Energy expenditure in critically ill infants.

Pediatric Critical Care Medicine (Impact Factor: 2.34). 02/2008; 9(1):121-2. DOI: 10.1097/01.PCC.0000298659.51470.CB
Source: PubMed
1 Follower
5 Reads
  • [Show abstract] [Hide abstract]
    ABSTRACT: Serum markers of inflammation and of glucose production are known to reflect the immediate metabolic response to injury. We hypothesized that monitoring of the early C-reactive protein (CRP) and blood glucose (BG) concentrations would correlate with clinical morbidity and outcome measures in pediatric trauma patients. A five-year retrospective chart review of pediatric trauma patients admitted to our Level I pediatric trauma center was conducted to establish the relationships between early (first 3 hospital days) serum CRP and BG concentrations, Injury Severity Score (ISS), and hospital length of stay (HLOS). Statistical significance (P < 0.05) was determined using Student's t-test. Forty-two trauma patients (8.0 +/- 5.2 years) were evaluated. The early inflammatory response (CRP >or= 10 vs <10 mg/dl) was significantly correlated to the glycemic response (BG;121 +/- 24 vs 97.3 +/- 14.2 mg/dl, P < 0.05). Severely injured patients (ISS >or= 25 vs <25) were significantly more hyperglycemic (BG;156 +/- 56.9 vs 125 +/- 31.6 mg/dL, P = 0.003). Both increased inflammatory response (CRP;8.1 +/- 6.4 vs 2.5 +/- 3.5 mg/dL) and increased glycemic response (BG;111 +/- 15.9 vs 97.4 +/- 11.7 mg/dL) were independently and significantly associated with prolonged hospitalization (HLOS > 7 vs <or=7 days, P < 0.05). This study establishes a significant relationship between the early inflammatory and glycemic injury response and the association of that response with pediatric trauma patient morbidity and outcome measures.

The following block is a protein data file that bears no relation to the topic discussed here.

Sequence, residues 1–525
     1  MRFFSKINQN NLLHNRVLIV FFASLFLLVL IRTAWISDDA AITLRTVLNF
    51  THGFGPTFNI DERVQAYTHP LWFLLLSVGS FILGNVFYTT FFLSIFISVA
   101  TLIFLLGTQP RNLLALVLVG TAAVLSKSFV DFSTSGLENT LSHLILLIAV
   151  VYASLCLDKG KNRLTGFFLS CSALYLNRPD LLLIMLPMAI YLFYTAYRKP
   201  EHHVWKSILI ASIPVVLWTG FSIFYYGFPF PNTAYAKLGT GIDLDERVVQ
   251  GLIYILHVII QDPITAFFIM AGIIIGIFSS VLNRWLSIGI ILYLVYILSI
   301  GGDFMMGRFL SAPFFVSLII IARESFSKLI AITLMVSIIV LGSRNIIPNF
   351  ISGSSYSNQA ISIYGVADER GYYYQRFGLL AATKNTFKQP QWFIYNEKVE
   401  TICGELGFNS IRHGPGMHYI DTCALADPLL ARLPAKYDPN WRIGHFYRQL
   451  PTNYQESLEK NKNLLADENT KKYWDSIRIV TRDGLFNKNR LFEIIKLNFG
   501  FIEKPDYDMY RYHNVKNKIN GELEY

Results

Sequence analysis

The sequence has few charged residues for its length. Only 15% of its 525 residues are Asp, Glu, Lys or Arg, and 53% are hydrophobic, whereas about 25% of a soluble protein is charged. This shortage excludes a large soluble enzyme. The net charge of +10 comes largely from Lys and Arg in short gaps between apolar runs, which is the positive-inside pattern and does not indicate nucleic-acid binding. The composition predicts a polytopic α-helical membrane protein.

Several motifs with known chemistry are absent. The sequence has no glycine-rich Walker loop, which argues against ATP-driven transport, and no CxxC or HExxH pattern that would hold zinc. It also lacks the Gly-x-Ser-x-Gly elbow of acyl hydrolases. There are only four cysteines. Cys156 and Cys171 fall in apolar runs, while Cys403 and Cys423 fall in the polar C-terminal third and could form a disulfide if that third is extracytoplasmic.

Journal of Pediatric Surgery 05/2009; 44(5):992-6. DOI:10.1016/j.jpedsurg.2009.01.043 · 1.39 Impact Factor
  • Journal of Parenteral and Enteral Nutrition 05/2012; 36(6):630-1. DOI:10.1177/0148607112449357 · 3.15 Impact Factor
  • Source
    [Show abstract] [Hide abstract]
    ABSTRACT: Preterm neonates exposed to painful procedures in the neonatal intensive care unit exhibit increased pain scores and alterations in oxygenation and heart rate. It is unclear whether these physiological responses increase the risk of oxidative stress. Using a prospective study design, we examined the relationship between a tissue-damaging procedure (TDP; tape removal during discontinuation of an indwelling central arterial or venous catheter) and oxidative stress in 80 preterm neonates. Oxidative stress was quantified by measuring uric acid (UA) and malondialdehyde (MDA) concentration in plasma before and after neonates (n = 38) experienced a TDP compared to those not experiencing any TDP (control group, n = 42). Pain was measured before and during the TDP using the Premature Infant Pain Profile (PIPP). We found that pain scores were higher in the TDP group compared to the control group (median scores, 11 and 5, respectively; P < .001). UA significantly decreased over time in control neonates but remained stable in TDP neonates (132.76 to 123.23 μM versus 140.50 to 138.9 μM; P = .002). MDA levels decreased over time in control neonates but increased in TDP neonates (2.07 to 1.81 μM versus 2.07 to 2.21 μM, P = .01). We found significant positive correlations between PIPP scores and MDA. Our data suggest a significant relationship between procedural pain and oxidative stress in preterm neonates. PERSPECTIVE: This article presents data describing a significant relationship between physiological markers of neonatal pain and oxidative stress. The method described in this paper can potentially be used to assess the direct cellular effects of procedural pain as well the effectiveness of interventions performed to decrease pain.
    The journal of pain: official journal of the American Pain Society 06/2012; 13(6):590-597. DOI:10.1016/j.jpain.2012.03.010 · 4.01 Impact Factor
Show more